With a new White House document in May — the “Strategic Approach to the People’s Republic of China” — the administration of US President Donald Trump has firmly set its hyper-competitive line to tackle geoeconomic and geostrategic rivalry, followed by several reinforcing speeches by Trump and other Cabinet-level officials. By identifying China as a near-equal rival, the strategy resonates well with the bipartisan consensus on China in today’s severely divided US. In the face of China’s rapidly growing aggression, the move is long overdue, yet relevant for the maintenance of the international “status quo.” The strategy seems to herald a new
To say that this year has been eventful for China and the rest of the world would be something of an understatement. First, the US-China trade dispute, already simmering for two years, reached a boiling point as Washington tightened the noose around China’s economy. Second, China unleashed the COVID-19 pandemic on the world, wreaking havoc on an unimaginable scale and turning the People’s Republic of China into a common target of international scorn. Faced with a mounting crisis at home, Chinese President Xi Jinping (習近平) rashly decided to ratchet up military tensions with neighboring countries in a misguided attempt to divert the
Toward the end of former president Ma Ying-jeou’s (馬英九) final term in office, there was much talk about his legacy. Ma himself would likely prefer history books to enshrine his achievements in reducing cross-strait tensions. He might see his meeting with Chinese President Xi Jinping (習近平) in Singapore in 2015 as the high point. However, given his statements in the past few months, he might be remembered more for contributing to the breakup of the Chinese Nationalist Party (KMT). We are still talking about Ma and his legacy because it is inextricably tied to the so-called “1992 consensus” as the bedrock of his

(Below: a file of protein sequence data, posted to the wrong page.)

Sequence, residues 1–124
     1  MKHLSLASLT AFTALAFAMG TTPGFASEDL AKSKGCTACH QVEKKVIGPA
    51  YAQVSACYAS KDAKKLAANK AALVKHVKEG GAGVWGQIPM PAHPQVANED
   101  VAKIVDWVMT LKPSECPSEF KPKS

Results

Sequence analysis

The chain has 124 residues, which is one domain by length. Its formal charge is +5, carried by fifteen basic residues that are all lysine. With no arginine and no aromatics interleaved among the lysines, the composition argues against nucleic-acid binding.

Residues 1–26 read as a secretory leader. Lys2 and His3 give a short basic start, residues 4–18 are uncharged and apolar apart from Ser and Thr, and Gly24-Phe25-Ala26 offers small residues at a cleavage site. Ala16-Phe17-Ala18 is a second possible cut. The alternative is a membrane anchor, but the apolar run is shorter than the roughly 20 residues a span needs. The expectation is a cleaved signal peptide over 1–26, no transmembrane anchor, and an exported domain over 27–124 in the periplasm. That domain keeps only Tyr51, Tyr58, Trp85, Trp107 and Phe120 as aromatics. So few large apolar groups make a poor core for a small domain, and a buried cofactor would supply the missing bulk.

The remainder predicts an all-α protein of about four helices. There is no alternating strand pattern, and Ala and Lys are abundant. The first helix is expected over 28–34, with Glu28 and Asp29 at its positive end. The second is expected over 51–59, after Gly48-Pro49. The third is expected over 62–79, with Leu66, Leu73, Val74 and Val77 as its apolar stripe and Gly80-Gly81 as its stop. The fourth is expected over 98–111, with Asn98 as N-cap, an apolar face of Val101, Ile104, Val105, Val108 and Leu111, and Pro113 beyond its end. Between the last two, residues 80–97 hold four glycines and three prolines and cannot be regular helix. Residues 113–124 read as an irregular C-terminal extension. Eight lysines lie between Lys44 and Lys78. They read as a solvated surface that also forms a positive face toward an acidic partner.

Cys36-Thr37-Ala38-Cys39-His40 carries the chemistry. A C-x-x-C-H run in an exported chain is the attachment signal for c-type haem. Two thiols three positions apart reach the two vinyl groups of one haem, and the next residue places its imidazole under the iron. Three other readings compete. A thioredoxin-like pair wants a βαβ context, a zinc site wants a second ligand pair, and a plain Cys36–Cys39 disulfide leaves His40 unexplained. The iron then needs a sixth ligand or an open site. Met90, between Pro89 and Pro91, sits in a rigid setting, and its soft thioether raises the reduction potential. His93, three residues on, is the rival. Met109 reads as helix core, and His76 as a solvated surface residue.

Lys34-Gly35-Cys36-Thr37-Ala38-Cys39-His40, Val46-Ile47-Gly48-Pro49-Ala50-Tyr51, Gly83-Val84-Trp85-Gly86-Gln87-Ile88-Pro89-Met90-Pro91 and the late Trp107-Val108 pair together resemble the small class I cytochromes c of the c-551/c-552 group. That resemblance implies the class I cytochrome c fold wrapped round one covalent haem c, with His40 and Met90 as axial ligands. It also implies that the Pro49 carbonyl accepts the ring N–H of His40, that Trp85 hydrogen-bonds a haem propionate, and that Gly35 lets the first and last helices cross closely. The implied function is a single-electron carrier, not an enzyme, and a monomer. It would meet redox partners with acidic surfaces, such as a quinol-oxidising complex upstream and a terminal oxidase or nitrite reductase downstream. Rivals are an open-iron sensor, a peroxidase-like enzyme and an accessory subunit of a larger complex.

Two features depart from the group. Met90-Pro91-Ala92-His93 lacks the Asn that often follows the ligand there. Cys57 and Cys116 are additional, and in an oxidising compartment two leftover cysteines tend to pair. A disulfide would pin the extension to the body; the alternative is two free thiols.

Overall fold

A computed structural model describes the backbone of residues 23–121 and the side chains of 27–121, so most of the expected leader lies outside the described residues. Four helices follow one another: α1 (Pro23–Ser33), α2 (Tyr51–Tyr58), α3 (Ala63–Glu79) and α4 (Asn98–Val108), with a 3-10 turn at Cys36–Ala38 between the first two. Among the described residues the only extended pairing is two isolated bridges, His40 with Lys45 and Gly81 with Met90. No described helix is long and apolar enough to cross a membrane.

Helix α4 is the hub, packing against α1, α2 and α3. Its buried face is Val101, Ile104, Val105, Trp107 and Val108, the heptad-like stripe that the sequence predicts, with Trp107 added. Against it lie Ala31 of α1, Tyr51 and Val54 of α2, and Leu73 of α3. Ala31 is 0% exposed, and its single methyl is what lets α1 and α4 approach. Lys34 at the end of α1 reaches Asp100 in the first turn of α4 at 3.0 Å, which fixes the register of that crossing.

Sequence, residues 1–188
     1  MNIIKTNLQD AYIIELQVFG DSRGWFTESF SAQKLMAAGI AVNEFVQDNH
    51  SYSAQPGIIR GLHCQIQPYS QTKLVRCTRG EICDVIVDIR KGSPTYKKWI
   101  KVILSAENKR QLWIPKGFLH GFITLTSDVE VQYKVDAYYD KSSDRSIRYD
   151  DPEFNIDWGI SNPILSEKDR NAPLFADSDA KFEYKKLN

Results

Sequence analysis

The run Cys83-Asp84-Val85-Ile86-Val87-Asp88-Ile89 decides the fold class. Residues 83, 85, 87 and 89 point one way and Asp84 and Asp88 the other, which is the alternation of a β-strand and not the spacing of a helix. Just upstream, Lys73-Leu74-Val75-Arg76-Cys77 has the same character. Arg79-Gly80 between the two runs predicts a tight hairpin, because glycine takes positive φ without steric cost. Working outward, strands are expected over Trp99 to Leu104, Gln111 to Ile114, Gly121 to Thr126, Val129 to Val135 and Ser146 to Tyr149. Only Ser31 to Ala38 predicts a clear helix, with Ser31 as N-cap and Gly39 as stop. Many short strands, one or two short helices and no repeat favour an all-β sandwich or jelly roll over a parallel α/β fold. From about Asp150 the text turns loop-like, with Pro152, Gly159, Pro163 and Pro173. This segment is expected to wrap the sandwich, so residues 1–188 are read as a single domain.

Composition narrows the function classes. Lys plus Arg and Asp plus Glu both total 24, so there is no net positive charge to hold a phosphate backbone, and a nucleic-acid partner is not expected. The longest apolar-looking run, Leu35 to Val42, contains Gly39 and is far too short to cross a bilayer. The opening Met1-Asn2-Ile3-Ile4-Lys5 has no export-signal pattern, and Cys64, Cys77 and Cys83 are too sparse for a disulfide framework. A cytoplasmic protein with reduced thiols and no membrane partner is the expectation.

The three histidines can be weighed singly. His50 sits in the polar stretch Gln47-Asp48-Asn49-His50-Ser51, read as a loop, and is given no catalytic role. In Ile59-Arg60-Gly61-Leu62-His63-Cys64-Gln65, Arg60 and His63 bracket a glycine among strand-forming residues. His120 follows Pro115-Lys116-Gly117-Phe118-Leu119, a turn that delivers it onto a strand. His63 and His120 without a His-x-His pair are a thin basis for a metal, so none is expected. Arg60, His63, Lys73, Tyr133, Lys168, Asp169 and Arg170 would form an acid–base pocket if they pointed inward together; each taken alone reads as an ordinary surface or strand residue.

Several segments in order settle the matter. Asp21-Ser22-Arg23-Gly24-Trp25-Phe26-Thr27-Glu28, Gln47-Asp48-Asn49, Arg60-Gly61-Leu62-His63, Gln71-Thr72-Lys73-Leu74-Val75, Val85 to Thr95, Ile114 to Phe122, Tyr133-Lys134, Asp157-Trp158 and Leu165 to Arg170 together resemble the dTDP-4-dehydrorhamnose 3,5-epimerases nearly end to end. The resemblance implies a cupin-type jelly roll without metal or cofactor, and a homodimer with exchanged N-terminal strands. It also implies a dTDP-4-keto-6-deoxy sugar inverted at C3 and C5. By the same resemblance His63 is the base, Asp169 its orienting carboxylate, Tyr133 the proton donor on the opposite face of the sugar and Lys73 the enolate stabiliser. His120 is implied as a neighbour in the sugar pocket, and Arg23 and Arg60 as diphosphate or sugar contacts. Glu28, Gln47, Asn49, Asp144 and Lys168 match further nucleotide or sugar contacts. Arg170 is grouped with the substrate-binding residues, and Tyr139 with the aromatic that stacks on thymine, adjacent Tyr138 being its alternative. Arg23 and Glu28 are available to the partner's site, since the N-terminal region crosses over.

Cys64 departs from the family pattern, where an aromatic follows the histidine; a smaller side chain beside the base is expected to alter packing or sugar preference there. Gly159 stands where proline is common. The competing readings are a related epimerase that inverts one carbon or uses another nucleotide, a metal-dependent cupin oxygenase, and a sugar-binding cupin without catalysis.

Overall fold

The Chinese Nationalist Party (KMT) on Sept. 6 finished its annual national congress. However, if Taiwan wants to have a viable opposition party in its democracy, the results were far from satisfying. The KMT again seems to be caught in a time loop, like that one in the 1993 film Groundhog Day. Yet, unlike the protagonist in that film, the KMT seems unable to learn from past experience and change for the better. Instead, it remains locked in its never-ending cycle of repeating the past. To borrow from a different artistic genre, the KMT echoes Pete Seeger’s song Where Have All